But we all know that that is only half the story. The other half is staying healthy, with decent nutrition and exercise--not for just this year, but for a lifetime. I have a tendency to get hyper-focused about something, and then, just like that, it's over and I've moved onto to something else. I'm worried that I'll reach my goal, and then lose my initiative. And a few smothered baked potatoes and peach pies later...
I thought about setting some goals, but I reach the goal, and then what? I have to pick another goal. Pretty soon, I've run out of goals that interest me. I've been athletic most of my life, so fitness-wise, there isn't much I have to prove to myself, at least where short distances are concerned. Sure, I've never run a marathon, or biked a century, or participated in an Ironman, but frankly, I think I'd rather poke a stick in my eye than do all that training. Besides, goals are short-lived. I need a strategy that keeps it fun and is about the long term.
Then one day last week I hit the button on My Fitness Pal, and that phrase popped up: "If every day were like today..."
It reminded me suddenly of the Jane Brox title, and it struck me that this was the mindset I needed to pursue in order to keep this up for a lifetime. It isn't about today, or five weeks from today. It isn't even about next year, or the year after that. Leaving it in that perspective--to say something vague, like "I want to do this for a lifetime"--makes the road I have to travel to health seem too long and too aimless. No, it is about five thousand days like this one. Or rather, since that is only about 16-17 years, and I plan to live much longer than that, it is about ten thousand days like this one. They can be ten thousand days of good choices, or ten thousand days of bad ones. The journey is about the balance of individual days.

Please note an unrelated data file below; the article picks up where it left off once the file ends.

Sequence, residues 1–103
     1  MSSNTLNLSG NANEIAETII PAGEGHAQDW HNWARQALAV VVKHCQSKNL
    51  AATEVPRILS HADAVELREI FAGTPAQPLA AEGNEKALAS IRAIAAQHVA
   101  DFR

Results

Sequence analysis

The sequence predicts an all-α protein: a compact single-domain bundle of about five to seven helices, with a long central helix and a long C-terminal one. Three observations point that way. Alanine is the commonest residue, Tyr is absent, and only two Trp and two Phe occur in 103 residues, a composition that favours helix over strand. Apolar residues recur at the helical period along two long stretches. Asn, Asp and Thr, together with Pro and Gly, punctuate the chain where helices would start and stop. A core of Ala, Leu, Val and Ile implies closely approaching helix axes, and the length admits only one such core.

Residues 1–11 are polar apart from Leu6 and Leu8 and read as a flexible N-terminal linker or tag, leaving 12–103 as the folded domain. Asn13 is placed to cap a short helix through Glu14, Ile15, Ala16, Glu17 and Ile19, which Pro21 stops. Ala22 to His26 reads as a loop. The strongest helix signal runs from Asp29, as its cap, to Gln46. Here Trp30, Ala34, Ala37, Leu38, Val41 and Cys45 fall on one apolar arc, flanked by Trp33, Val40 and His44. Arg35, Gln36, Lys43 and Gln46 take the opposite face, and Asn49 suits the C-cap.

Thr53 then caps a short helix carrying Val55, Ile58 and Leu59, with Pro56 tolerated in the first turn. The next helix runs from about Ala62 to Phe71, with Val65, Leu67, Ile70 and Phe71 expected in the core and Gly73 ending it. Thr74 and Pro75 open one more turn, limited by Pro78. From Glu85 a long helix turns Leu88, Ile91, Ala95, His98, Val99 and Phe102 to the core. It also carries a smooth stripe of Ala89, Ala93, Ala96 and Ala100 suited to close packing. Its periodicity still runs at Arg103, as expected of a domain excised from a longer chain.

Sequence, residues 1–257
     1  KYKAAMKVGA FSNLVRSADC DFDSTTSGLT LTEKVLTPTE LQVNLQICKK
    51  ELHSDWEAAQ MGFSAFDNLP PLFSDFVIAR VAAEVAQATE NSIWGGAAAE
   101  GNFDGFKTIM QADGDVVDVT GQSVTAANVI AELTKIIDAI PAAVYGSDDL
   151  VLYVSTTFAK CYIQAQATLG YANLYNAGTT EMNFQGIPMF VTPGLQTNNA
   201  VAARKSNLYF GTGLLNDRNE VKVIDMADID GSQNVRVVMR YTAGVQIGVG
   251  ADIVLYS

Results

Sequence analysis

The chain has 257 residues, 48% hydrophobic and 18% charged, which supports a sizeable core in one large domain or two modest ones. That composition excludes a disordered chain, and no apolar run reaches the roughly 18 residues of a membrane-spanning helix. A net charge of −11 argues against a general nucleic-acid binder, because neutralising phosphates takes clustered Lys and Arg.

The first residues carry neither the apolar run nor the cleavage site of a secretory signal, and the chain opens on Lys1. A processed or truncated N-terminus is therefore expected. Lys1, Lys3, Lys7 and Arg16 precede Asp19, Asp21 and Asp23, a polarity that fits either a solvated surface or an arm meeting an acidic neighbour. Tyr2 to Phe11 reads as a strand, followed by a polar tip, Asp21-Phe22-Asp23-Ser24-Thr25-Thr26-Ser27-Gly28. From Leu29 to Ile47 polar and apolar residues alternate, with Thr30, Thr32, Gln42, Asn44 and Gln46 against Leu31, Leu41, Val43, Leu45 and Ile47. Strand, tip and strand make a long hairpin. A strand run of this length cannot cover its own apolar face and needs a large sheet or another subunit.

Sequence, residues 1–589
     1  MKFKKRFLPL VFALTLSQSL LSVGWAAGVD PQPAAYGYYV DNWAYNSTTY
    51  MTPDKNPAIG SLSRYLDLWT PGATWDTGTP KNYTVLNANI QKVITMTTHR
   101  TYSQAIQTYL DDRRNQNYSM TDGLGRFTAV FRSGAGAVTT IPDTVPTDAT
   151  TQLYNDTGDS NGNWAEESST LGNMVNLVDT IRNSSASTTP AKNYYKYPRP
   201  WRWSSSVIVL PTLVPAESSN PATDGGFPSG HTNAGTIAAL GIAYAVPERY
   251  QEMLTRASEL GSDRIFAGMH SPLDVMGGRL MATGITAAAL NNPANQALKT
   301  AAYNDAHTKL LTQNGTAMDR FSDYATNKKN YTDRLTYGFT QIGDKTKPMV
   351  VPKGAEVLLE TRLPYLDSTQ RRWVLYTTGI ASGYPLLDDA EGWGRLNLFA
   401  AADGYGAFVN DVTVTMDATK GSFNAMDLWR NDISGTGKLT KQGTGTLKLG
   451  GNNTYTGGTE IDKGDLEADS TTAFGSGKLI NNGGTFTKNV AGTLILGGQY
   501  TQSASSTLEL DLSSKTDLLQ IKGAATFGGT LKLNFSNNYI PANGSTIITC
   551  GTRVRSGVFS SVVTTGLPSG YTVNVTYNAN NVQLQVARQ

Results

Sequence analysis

So now, when I've had a pretty good day of making choices, I hit that button and say a prayer of sorts: Ten thousand days like this one.
And when I slip up a little, I remind myself that it is the balance of ten thousand days that counts. It is the balance that matters in the end.
I was talking to my friend Nancy about this the other day, and she likened it to practice. Nancy has a background in music, so it makes sense that she immediately picked up on this. Then, since we've both dealt with elderly parents--and seen the effects of lifetimes of good and bad practices--it was natural for her to make that connection, too.
"In the end, you become what you practice," she said.
You become what you practice. I mulled that over a while. Trust the process.
This could be true of all the choices you make in your life--whether you are choosing to eat French fries or choosing to stop and listen to leaves blowing across the pavement in autumn. It is this day to which you must attend, this day with all of its big and small choices. You become what you practice.
So now, finally, we have arrived at the real question and the point of all this meandering: If I could have ten thousand days like this one, what choices would I make?
You become what you practice. Make good choices. Smell the woodsmoke. Listen to the leaves. Look up at the sky. Enjoy a bike ride. Trust the process.
Ten thousand days.